flttuaa); uea-m^UiMrire, eangarara, 
tteahodhobere,— ■ a n frt ka (V. n.) 
to become lUtay, cheerful, to feel eaey, 
eon^fortdbU.'- amgfutdMU (v.a.) 



(v.a.) to fftfleef, to pick out, to 
ekooie (Kis. ttuia, tKm n hii a ), — UB- 
]nuui(v.rec.) to atiUet ome amother (or 
among themselyes). •— —nrtlni (y.d.) 
to admit qf teUettitg, to be eUgihle; 
JktffMi maworo, oaoankUui, tkore is 
'maiwert^ which ecmnot be pitted out 
<he 8eed being too smt^lL— 
(y.d.) to $eUet Sc /or (another).— 
ldijHi( topidc out well (leaving 
nothing loehind, e.g. seeds from cotton.) 

flaakora (y.a.) to take (what has been 
chosen, or selected) to take out from 
(Kis. tapika, tapikiana, tapi»ha). — 
saakinrikm (y.n.) to admtt of being 
taken out; hami%anga oha^im^uHha, 
■aakiirirm (v.d.) to take out (for ano- 
ther).— milEiiridsa( to befatU- 
diouB in eelecting or ehooHng, Der. 

SailO(acy.) five; sano na imodsi = 
aix (Kis. «<Ma); 9ano na siwili » 
iwen (Kis. odbaa); witntn ufooano 
na toanai (= Kis. waiu honda) 9 men; 
isano na idadu (= Kis. nane\ eight; 
tndkwmi maoano na limodei = &0 
(Kis. Bettini); ha etMuo, 6 times {tnarra 
tana in Kis.) 

Saaim (y.a.) to vomit, to disgorge (Kis. 
tapika); you must distinguish. 1) mh»- 
doa, to bruih €fff (Kis. bangiioa) and 
2D eanoaf to vomit {= btunpa and hu 
bingain Kiniassa); oandoaf 
descriptive of a feeling qf revenge, — 
MUMika (y.n.) to admit qf vomiting; 
kintu ihi sihieaneiha, this thing 
cannot be vomited.— lansirm (y. rel.) 
to vomit to, in one's place, kunda 
■sh^n-saneira nM$€Mu»wake, the dove 
disgorges (food) to her young one, — 
MUiaUUia( to vomU much; (y. 
cans.) to cause to vomit (Kis. ku gamia 
Sana), a^m-sanstra yan<? (Kis.a- 
fn-gamia nani 9)— SMiMaa (v.rec.) 

Saiud, s. (wyw) (pi. wan-), a kind qfmur 
sical instrument, consisting of a piece 
of wood hollowed out with small iron 
bars fastened across (Kis. nbombo, 

(y.a.) to trouble, to rummage^ 
to search for (any thlng).-r- —alurlta i 
(y.n.) to admit of being rummaged or 
MordkAl.— saBtafifl«(y.d.) to seairek 
(for another).— amtaridaa ( to 
rummage weU or much, 

9mm t their, e.g. niwmba §ao, their 

Bafteia wttaa (see uHatika)f mvwt^ 

iu Mffw ni eaponia unikua ponoo 
aiinatfo adarongooara, m/tranOu 
pa halekeOo, pi. wantu awa ni urn 
eapdnia urfShuu (or eiwapattiet 
Sira (y.a.) (Kis. eira), 1) to make smooth 
and even (as the rind of a tree by bea- 
ting it till only the fibres will remain).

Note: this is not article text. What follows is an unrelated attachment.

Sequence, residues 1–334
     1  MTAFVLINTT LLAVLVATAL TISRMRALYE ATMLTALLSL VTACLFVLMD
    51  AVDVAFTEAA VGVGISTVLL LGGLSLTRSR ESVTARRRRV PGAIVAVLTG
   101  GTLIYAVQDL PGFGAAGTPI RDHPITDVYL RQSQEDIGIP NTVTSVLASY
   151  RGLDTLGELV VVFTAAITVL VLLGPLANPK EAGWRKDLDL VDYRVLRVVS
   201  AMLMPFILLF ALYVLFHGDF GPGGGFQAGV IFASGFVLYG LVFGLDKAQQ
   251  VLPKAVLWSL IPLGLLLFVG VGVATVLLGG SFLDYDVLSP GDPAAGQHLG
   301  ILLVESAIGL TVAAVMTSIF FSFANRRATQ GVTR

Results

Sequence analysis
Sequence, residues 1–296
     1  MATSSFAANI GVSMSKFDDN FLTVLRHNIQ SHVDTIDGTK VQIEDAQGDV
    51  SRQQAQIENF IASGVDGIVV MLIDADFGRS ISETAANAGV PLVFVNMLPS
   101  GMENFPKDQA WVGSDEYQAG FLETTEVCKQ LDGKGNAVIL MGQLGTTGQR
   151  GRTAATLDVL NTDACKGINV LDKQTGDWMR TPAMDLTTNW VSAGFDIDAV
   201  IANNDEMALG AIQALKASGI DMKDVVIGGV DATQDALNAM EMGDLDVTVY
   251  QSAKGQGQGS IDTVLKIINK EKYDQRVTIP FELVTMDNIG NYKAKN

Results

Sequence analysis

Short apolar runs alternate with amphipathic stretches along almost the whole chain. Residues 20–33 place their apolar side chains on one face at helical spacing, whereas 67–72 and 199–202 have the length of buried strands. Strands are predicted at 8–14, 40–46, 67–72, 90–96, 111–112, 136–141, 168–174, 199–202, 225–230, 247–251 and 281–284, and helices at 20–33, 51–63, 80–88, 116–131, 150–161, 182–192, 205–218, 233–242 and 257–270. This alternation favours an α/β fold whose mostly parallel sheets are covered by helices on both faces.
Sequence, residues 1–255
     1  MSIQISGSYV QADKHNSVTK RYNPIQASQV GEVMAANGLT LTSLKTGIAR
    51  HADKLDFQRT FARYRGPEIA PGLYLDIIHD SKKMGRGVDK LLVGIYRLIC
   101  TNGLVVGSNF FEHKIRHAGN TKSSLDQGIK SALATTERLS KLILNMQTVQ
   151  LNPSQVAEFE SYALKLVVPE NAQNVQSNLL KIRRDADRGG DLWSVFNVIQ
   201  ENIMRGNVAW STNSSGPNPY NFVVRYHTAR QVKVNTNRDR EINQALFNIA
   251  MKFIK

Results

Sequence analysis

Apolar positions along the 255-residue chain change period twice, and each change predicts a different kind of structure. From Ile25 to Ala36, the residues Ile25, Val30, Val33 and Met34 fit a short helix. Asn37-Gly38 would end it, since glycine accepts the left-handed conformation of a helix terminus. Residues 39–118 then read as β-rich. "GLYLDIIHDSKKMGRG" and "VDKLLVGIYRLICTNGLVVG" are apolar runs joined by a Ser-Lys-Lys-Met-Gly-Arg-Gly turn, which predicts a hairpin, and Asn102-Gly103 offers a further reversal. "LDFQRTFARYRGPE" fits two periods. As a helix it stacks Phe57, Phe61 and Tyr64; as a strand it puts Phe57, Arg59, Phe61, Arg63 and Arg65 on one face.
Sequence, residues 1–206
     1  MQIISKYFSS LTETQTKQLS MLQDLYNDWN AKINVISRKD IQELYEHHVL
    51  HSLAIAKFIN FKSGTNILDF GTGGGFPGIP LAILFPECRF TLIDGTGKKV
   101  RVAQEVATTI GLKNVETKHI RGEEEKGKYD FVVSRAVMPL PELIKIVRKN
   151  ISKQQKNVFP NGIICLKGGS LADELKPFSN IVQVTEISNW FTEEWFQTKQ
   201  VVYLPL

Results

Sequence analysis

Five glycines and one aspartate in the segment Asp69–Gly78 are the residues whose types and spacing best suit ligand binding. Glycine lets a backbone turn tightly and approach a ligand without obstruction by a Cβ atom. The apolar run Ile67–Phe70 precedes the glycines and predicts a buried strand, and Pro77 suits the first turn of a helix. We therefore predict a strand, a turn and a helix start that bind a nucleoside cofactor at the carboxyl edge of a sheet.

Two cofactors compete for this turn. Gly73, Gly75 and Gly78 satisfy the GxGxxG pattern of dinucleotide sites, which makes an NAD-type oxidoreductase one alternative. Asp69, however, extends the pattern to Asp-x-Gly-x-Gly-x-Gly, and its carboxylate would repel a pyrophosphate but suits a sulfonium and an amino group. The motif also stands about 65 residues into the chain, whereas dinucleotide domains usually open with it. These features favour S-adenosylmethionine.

2^ to avoid certain articles qf food 
which are specified bg the signanga, 
or which you yourself think injurious. 
sarAra (y.n.) to be smooth, especially 
said of the coat of an animal (see ma- 
deignia), trop. to be candid, sincere: 
gnombe anadsodsora, tuhirako n- 
do eardra,— •arika(y.a.) 1) to lag 
fiat (as wood and grass when culti- 
vating the ground);— 2) (y.n.) to look 
smooth, to turn out smooth; n'kundo 
i ina aarfka,— sarira (y.d.) to beat 
smooth to or for (another).— saridaa 
( 1) to be strict in avoiding food 
die. — 2) to cause to avoid, to forbid 
certain food,*— ^ to becU very smooth 
(the nlBuonde),— larazidsa (y. int) to 
excel in smoothness, to be most smooth, 
aaraaa (y.a.) to smoothen, ku earaaa 
buado na kuongo (Kis. ku tongo- 

leea, ku taftoMa).- lanuia aaraaa 
( to mitigate, to palliate (said 
of one who interferes in a quarrel).— 
■arasika (y.n.) to appear well smoo- 
thed, niumba i inasarasika, — la- 
rasira(y.d.) to smoothen to or for— 
(Kis. sukttnUa),— sanwldaa (y.intj 
(Kis. ganikiea t) 
SaaaL (y.n.) to becoma sour, to ferment; 
fig. to be sharp, fierce (in a good and 
bad sense) (Kis.M»a«).— sasika(y.a.) 
to let get sour, to let ferment; fig. to 
be sharp. — aaafara (y.d.) — 



(y.caas.) to mtOu Jlere^; (v. int) become 
very eomr, to get mott fierce or vehtr 
ment.-^ Mttfani (y.a.) to eeoid, to abmee 
lit to he thorp or fierce to, 

SasmlL trop. to be brave On battle), 
m-hondo ndakara na wye, ndlyo 
wQooaoa, oadeinduHhek In battU 
I vfiU be with him, U it he who it 
brave, he cannot eatUy be turned bade, 
muwtu «croo««Ma, ntoyow^ho aiv- 
hera, he leavet hit life to god, Le. 
trusts €fh14da in Him. 

Sas&dm (v.n.) gen. to be extravagamL 
to be pv^ed up, to be conceited, to